Macy’s Thanksgiving Day Parade will make its way down the streets of New York City on November 23rd, with millions tuning in to watch. Here are a few details about the history of the iconic event.
The original store was situated approximately 20 blocks south on Sixth Avenue near 14th Street. Macy’s has maintained its flagship position at its current location, Broadway and 34th Street, since 1902.
Through continuous expansion, this location has transformed into what Macy’s proudly refers to as the “world’s largest store.” It takes up an entire city block encompassing over 1 million square feet of retail space.
Macy’s Thanksgiving Day Parade Began Under the Label of An Altogether Different Holiday
However, Macy’s Thanksgiving Day Parade began its life for an altogether different holiday. Macy’s employees came together in 1924 to organize a grand Christmas parade. The parade, featuring floats, bands, animals from the zoo, and a crowd of 10,000 onlookers, took place up 145th Street.
The grand event culminated with the appearance of Santa Claus and the unveiling of the store’s enchanting Christmas windows. Three years later, the Christmas Parade underwent a name change and became known as the Thanksgiving Day Parade.
The parade started at 145th Street and Convent Avenue, proceeding until it reached Macy’s on 34th Street. According to the New York Times, enthusiastic crowds required a substantial police force to maintain order. Santa Claus arrived on a reindeer-pulled float and was crowned “King of the Kiddies,” followed by the unveiling of the store’s enchanting Christmas windows. The event was a resounding success and became an annual tradition, officially inaugurated as the Thanksgiving Day Parade in 1927.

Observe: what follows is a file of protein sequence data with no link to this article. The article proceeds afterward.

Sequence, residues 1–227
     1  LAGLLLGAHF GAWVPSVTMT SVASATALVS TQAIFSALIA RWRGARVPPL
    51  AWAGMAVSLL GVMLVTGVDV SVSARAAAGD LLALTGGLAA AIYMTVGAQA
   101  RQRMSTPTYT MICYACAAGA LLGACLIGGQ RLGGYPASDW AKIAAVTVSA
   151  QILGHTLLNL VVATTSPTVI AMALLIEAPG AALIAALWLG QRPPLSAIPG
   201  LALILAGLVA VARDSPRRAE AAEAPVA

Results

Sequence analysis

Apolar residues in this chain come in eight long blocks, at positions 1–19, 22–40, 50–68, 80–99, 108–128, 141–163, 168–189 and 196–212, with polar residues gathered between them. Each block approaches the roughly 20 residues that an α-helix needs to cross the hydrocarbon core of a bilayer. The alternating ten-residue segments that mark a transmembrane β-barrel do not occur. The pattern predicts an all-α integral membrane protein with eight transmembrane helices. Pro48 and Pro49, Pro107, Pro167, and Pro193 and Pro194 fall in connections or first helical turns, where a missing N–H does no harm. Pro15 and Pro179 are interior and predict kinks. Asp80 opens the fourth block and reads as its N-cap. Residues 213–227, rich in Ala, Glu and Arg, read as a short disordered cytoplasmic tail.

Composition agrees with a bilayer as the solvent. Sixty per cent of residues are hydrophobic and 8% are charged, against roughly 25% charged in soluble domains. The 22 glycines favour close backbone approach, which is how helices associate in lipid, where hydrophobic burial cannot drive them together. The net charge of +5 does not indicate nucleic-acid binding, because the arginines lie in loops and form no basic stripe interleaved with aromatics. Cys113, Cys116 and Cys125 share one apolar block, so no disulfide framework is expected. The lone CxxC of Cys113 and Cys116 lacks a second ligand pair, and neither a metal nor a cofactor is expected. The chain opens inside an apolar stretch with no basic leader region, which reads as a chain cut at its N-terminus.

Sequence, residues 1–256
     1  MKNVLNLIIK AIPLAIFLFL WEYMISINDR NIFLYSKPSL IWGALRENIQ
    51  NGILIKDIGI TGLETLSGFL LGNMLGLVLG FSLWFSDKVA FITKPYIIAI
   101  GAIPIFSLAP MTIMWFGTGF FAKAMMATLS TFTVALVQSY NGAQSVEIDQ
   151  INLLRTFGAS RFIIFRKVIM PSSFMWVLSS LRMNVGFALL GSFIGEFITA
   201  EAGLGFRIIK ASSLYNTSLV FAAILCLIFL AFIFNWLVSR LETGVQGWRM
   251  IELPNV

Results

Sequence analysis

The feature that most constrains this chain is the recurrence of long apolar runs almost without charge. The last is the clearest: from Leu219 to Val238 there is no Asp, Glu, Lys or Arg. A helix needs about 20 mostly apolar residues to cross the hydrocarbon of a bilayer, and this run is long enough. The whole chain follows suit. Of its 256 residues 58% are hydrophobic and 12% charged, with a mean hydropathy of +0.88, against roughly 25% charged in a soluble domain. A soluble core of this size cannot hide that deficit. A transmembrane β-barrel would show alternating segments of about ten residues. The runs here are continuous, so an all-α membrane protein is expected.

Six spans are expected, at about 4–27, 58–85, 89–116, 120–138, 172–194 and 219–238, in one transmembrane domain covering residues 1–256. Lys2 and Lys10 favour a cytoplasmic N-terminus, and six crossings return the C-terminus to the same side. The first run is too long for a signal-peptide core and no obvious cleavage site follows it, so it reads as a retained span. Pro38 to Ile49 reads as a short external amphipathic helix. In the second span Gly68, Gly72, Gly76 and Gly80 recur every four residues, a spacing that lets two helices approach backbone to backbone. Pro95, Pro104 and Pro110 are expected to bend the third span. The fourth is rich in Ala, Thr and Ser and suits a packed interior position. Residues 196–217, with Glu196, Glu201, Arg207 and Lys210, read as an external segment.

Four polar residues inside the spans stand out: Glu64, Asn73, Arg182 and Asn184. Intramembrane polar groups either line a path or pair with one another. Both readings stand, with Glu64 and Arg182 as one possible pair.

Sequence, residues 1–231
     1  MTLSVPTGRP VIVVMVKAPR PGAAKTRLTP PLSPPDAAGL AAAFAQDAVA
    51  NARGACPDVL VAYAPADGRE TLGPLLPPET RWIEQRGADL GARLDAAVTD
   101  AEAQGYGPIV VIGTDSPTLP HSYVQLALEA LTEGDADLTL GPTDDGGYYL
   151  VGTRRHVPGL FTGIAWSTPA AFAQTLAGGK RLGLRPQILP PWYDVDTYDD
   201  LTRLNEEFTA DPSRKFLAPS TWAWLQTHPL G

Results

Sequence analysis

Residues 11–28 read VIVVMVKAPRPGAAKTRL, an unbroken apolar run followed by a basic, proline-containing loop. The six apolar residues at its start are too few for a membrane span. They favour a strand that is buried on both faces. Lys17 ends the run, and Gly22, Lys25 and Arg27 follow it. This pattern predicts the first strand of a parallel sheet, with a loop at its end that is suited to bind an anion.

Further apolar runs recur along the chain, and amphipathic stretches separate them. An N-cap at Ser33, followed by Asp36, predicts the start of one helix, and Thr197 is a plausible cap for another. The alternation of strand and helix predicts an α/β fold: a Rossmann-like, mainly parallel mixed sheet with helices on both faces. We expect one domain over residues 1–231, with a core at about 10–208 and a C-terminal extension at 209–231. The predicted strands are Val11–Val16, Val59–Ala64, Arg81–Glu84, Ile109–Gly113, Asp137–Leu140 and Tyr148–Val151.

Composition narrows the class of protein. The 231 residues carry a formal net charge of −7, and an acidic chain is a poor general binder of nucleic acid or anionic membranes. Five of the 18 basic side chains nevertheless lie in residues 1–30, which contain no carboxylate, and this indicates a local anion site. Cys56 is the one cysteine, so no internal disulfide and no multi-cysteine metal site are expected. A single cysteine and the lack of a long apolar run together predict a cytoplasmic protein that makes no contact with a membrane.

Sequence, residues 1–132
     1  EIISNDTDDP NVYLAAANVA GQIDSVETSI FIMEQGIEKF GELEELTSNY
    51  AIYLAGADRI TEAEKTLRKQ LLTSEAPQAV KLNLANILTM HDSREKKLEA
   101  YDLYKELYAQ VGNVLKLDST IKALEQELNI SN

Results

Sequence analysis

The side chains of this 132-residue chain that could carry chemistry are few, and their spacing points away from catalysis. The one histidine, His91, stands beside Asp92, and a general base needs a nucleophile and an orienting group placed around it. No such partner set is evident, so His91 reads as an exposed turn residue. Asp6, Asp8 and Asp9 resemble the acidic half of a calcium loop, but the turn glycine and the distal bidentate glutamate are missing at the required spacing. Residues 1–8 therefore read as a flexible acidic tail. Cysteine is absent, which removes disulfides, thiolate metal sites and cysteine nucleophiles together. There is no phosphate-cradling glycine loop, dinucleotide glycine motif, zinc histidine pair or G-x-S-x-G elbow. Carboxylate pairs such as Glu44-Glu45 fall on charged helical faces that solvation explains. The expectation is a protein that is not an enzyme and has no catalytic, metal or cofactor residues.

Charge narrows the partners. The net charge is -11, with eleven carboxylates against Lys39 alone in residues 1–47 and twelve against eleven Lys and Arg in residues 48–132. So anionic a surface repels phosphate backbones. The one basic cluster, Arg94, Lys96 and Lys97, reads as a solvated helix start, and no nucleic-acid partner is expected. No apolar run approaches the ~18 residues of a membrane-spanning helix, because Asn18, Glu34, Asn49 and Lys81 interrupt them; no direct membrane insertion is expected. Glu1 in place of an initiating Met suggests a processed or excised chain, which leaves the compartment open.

However, Macy’s didn’t originate the Thanksgiving parade. Philadelphia takes the crown for the oldest Thanksgiving Day parade. The legendary Gimbels Thanksgiving Day Parade, now known as the 6ABC – Dunkin’ Donuts Thanksgiving Day Parade, made its debut back in 1920.
Macy’s Thanksgiving Day Parade Wasn’t Always Televised
It may be difficult to fathom, but the Macy’s Thanksgiving Day Parade wasn’t always televised. Of course, this beloved tradition predates the advent of broadcast TV.
When the first broadcasts of the parade occurred in 1932, listeners had to rely on their imagination as they tuned in on the radio. Subsequently, the parade made its debut on television in 1946 in New York, and the following year, it was broadcast nationwide on NBC.
While being a TV wasn’t always in store for the Macy’s Thanksgiving Day Parade, floats nearly always were. The balloon attractions made their debut in 1927, taking inspiration from a balloon float.
Even back then, these attractions were enormous, with one being a 60-foot dinosaur. However, in those times, they faced challenges beyond just strong winds and unpredictable weather. It is worth noting that until 1938, an elevated train used to run down Sixth Avenue.
Since its inaugural event in 1927, the parade has always featured well-known characters. The iconic Felix the Cat was there from the very beginning, and in 1934, Mickey Mouse joined the festivities. That same year, a balloon inspired by the popular entertainer Eddie Cantor made its debut. Over the years, the “Peanuts” characters, with Snoopy leading the way since 1968, have become regular guests.
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